All services and modules are accessible via standard web access methods ( HTTP ). This allows a wide variety of tools, from web browsers to custom analysis applications, to interact with BisQue. Most BisQue services are implemented using the RESTful design pattern architecture that exposes resources through URIs. Resources are manipulated by using the common HTTP methods. Among many benefits attributed to RESTful patterns are scalability through web caches and the use of client side and processing resources. [6] Bisque services exchange data in XML format.

For easy integration with existing software, BisQue also provides an API that covers all aspects of ingestion, search, analysis, and manipulation. It is currently available for Python and Matlab .

Use cases

Marine science

BisQue has been used to manage and analyze 23.3 hours (884gb) of high definition video in Bering Sea submarine canyons to evaluate the density of fishes, structure-forming corals and sponges. [7] Non-overlapping frames from each video transect at a constant frequency of 1 frame per 30s. An image processing algorithm developed in Matlab was used to detect laser dots projected onto the seafloor as a scale reference. BisQue’s module system allows to wrap this Matlab code into an analysis module that can be parallelized across a cluster compute. In addition, each frame was manually annotated with objects of interest (eg, fishes, sponges, substrates) and these annotations and other image metadata (eg, pixel resolution, GPS location) was stored in BisQue’s flexible metadata store. The annotations were then used to calculate the average density of species and co-habitation behavior in different regions of the canyons, resulting in new insights into this ecosystem.

Plant biology

The BisQue platform is part of the Cyberinfrastructure iPlant (now the CyVerse) to analyze plant-related images in the context of phenotype analysis. [8] BisQue wasintegrated with iPlant’s authentication , cloud storage , and high-performance grid computing infrastructure and configured data for these phenomena as well as directional root-tip growth or comparisons of seed size differences.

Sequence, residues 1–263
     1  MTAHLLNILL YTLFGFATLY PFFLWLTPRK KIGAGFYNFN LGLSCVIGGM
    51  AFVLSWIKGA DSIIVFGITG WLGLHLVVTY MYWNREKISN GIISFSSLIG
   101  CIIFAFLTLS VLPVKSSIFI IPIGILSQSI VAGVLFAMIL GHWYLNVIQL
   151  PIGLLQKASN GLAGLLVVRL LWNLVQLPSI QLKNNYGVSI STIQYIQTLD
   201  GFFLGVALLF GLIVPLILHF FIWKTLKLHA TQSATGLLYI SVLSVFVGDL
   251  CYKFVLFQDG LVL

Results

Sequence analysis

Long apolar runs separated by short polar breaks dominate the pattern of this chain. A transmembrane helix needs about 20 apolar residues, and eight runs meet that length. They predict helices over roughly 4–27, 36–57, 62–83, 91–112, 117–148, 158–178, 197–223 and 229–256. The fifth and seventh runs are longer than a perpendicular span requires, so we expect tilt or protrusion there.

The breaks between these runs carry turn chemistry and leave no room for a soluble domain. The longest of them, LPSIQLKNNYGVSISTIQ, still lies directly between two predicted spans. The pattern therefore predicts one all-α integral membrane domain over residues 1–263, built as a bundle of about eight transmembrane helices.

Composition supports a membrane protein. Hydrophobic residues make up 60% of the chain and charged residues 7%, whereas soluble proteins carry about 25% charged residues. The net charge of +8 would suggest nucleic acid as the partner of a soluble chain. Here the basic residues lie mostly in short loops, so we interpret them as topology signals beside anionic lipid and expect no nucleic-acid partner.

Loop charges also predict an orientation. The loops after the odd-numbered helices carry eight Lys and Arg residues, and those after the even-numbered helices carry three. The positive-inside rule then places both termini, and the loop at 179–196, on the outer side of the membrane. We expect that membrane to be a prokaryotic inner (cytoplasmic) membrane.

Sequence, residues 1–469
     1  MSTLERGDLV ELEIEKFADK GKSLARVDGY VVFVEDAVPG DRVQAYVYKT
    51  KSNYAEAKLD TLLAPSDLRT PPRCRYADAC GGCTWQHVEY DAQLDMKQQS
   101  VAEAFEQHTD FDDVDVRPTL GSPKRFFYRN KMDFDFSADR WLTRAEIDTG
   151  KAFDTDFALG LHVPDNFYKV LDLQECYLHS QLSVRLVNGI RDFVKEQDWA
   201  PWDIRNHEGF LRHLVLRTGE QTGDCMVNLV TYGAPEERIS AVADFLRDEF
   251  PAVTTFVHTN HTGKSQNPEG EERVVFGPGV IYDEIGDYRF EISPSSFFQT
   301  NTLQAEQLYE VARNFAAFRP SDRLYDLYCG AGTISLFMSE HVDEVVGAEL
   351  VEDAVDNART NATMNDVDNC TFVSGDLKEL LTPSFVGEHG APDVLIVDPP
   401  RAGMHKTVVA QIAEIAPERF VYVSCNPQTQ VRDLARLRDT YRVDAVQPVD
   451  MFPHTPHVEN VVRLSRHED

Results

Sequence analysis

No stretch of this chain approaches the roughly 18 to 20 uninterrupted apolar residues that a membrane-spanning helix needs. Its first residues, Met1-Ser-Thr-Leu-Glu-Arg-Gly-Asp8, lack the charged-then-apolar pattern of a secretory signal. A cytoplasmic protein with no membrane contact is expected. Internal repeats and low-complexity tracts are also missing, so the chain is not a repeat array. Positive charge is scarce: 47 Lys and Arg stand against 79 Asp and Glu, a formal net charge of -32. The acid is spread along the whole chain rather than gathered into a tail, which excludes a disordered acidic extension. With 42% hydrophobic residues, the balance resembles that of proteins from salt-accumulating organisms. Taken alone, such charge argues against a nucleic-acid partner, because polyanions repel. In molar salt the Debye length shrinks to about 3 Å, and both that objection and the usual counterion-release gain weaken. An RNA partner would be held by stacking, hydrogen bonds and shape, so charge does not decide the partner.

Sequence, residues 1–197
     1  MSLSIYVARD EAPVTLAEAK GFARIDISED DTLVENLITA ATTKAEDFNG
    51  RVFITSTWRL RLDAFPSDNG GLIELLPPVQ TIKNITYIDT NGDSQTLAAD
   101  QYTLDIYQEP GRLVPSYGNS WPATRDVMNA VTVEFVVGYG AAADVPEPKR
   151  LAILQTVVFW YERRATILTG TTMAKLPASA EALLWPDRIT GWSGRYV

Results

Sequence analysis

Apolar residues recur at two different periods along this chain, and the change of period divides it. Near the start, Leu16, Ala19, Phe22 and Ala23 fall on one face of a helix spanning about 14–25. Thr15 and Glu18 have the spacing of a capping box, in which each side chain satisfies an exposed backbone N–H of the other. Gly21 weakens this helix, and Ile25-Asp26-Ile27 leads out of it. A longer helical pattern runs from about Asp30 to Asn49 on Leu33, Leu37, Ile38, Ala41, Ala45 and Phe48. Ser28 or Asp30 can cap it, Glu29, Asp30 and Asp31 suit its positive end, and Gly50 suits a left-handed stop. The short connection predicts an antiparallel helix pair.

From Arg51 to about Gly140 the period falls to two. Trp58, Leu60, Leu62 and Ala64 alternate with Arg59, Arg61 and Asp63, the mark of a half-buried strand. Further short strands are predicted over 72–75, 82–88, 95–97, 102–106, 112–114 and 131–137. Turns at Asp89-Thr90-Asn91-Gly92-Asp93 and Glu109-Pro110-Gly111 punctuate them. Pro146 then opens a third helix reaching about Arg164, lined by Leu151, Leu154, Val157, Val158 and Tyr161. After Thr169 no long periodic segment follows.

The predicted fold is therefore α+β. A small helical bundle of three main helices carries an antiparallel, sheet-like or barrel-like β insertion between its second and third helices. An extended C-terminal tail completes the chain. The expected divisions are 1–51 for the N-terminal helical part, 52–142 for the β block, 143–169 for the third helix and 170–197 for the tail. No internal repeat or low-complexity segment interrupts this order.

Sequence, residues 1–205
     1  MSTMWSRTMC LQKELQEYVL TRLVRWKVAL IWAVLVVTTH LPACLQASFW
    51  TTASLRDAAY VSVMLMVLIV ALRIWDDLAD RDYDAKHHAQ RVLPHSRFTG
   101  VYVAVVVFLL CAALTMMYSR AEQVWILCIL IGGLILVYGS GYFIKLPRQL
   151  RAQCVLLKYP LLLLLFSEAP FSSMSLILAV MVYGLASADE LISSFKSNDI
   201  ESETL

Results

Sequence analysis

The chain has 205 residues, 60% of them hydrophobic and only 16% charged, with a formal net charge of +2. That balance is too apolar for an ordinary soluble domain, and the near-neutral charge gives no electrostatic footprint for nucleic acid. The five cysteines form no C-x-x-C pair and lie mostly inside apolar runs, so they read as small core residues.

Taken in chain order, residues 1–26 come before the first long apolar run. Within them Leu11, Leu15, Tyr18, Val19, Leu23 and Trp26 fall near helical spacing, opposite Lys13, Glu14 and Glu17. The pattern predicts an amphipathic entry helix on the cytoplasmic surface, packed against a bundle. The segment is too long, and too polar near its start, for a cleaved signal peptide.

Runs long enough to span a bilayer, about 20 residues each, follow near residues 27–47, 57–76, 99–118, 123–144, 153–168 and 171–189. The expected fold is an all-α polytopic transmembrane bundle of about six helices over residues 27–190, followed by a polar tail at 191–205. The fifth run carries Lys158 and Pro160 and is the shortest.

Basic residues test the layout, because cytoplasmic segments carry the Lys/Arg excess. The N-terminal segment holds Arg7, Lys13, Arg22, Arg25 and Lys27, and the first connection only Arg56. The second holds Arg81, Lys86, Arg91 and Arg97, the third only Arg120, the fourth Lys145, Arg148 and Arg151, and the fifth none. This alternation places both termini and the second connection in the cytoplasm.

As of version 0.5.5, BisQue is released under a modified BSD license that requires proper and visible attribution of the BisQue project if the part of BisQue are used for research or commercial purposes. [9]


  1. ^ Jump up to:d Kvilekval, Kristian; Fedorov, Dmitry; Obara, Boguslaw; Singh, Ambuj; Manjunath, BS (2010). “Bisque: A Platform for Bioimage Analysis and Management”. Bioinformatics . 26 (4): 544-552. doi : 10.1093 / bioinformatics / btp699 .
  2. Jump up^ Vision Research Lab Homepage
  3. Jump up^ CyVerse Cyberinfrastructure Homepage
  4. ^ Jump up to:B website BisQue , retrieved 11/02/2015.
  5. Jump up^ Andrews, PD; Harper, IS; Swedlow, JR (2002). “To 5D and beyond: quantitative fluorescence microscopy in the postgenomic era”. Traffic . 3 (1): 29-36. doi : 10.1034 / j.1600-0854.2002.30105.x .
  6. Jump up^ Fielding, RT; Taylor, RN (2002). “Principled design of the modern web architecture”. ACM Trans. Internet Technol. : 115-150.
  7. Jump up^ Miller, Robert J .; Hocevar, John; Stone, Robert P .; Fedorov, Dmitry V. (2012-03-21). “Structure-Forming Corals and Sponges and Their Use as Habitat Fish in Bering Sea Submarine Canyons” . PLOS ONE . 7 (3): e33885. doi : 10.1371 / journal.pone.0033885 . ISSN  1932-6203 . PMC  3309998  . PMID  22470486 .
  8. Jump up^ Goff, Stephen A .; Vaughn, Matthew; McKay, Sheldon; Lyons, Eric; Stapleton, Ann E .; Gessler, Damian; Matasci, Naim; Wang, Liya; Hanlon, Matthew (2011-01-01). “The collaborative iPlant: cyberinfrastructure for plant biology” . Plant Genetics and Genomics . 2 : 34. doi : 10.3389 / fpls.2011.00034 . PMC  3355756  . PMID  22645531 .
  9. Jump up^ BisQue license